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Former UN Head and Brazilian President Call for Drug Decriminalization

In an op-ed on published Tuesday, former UN Secretary General Kofi Annan and former Brazilian President Fernando Henrique Cardoso called for governments around the globe to decriminalize drug possession and find more effective and humane ways of regulating drugs.

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"Each year, hundreds of thousands of people die globally from preventable drug-related disease and violence," they wrote. "Millions of users are arrested and thrown in jail. Communities all over the world are blighted by drug-related crime. Citizens see huge amounts of their taxes spent on harsh policies which are not working."

Both men are members of the Global Commission on Drug Policy, which, building on the work of the Latin American Commission on Drugs and Democracy, has called for a paradigm shift in global and national approaches to drug regulation.

"We called on governments to adopt more humane and effective ways of controlling and regulating drugs," the two statesmen noted. "We recommended that the criminalization of drug use should be replaced by a public health approach. We also appealed for countries to carefully test models of legal regulation as a means to undermine the power of organized crime, which thrives on illicit drug trafficking."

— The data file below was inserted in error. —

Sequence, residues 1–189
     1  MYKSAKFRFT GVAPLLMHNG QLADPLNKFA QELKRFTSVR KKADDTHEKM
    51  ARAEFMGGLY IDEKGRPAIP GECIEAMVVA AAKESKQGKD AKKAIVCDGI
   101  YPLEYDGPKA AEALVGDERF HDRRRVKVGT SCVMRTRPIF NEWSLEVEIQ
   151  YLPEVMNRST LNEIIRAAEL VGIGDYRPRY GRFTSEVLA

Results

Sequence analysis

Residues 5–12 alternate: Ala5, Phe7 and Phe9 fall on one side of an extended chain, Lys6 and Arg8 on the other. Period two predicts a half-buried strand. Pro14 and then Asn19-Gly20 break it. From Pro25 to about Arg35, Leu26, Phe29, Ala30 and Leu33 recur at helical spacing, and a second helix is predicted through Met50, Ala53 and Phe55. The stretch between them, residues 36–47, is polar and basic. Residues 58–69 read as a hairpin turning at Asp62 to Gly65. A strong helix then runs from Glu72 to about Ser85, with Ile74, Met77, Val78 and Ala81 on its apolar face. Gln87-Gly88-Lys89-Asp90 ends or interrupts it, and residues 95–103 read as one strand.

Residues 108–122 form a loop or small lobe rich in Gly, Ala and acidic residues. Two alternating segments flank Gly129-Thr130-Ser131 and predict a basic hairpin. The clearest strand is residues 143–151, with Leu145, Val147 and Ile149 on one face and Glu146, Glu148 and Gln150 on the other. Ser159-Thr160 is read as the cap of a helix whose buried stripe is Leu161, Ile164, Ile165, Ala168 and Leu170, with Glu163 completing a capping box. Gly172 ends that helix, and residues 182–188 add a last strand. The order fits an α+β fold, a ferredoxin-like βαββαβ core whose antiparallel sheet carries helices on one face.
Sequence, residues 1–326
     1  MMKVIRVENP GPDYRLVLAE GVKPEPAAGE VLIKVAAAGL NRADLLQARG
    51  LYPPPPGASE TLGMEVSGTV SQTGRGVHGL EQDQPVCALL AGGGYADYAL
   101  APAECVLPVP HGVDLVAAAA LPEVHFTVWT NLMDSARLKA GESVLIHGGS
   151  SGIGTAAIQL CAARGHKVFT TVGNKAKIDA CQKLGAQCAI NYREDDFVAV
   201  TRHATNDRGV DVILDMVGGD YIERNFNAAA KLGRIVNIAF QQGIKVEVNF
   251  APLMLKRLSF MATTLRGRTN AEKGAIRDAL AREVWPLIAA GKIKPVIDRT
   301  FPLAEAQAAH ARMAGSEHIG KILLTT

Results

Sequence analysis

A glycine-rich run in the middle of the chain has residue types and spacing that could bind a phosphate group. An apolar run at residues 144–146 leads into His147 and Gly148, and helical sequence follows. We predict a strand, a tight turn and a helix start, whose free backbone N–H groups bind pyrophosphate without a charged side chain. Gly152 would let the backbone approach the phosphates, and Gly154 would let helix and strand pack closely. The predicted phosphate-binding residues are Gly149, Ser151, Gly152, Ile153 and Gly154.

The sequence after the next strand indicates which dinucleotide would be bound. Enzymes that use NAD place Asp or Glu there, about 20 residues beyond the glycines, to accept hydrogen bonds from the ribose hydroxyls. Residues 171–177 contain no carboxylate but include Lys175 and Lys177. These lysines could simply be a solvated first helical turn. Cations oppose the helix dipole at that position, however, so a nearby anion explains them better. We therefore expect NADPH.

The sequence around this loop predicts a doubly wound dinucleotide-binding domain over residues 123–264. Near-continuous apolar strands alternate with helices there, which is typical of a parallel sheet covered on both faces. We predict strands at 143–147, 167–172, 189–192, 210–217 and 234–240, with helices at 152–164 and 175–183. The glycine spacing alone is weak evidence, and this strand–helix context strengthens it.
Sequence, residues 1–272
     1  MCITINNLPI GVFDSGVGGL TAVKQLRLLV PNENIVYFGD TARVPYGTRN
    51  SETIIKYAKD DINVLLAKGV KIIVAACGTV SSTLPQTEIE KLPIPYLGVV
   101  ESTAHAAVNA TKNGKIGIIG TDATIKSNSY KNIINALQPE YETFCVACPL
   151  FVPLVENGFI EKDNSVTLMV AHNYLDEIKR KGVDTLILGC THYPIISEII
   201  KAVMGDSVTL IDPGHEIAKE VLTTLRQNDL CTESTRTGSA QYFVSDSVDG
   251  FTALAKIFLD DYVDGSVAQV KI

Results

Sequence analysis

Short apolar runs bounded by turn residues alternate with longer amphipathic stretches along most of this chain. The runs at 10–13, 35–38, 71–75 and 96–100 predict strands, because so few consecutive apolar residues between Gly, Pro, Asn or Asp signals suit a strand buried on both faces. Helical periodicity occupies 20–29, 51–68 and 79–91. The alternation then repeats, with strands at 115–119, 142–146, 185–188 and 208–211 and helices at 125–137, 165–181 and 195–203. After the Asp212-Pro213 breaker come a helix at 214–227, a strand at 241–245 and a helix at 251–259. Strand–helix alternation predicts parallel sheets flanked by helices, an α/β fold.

Now, they said, momentum is on the side of reform. They cited advances in South America, Europe, and even the United States, where two states legalized marijuana last year and where marijuana decriminalization has picked up steam in the past decade after going on hiatus after the 1970s.

That such globally renowned figures are calling for a radical restructuring of approaches to drug regulation is evidence that the global dialogue has definitively shifted, said Ethan Nadelmann, executive director of the Drug Policy Alliance.

"The Global Commission, led by President Cardoso, has played a pivotal role in transforming global dialog about drug policy," said Nadelmann. "Its influence will only grow now that Kofi Annan has embraced drug policy reform as a personal priority both globally and with respect to the work of his foundation in Africa. Policy options that were readily mocked and dismissed just a few years ago are now integral to planning for a 21st Century global drug control regime to replace the failed prohibitionist regime of the last century."

Permission to Reprint: This article is licensed under a modified Creative Commons Attribution license.
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they are calling for more

they are calling for more than decriminalisation. they are calling for legalisation and regulation - of cannabis and other drugs. important to be clear about that,


Q: How do you get Presidents, Prime Ministers and Secretaries General to support drug policy reform? A: EASY!! You merely have to wait for their terms to expire. Formerly powerful people love to endorse rational solutions if they think it can get them back in the spotlight they so desperately crave.

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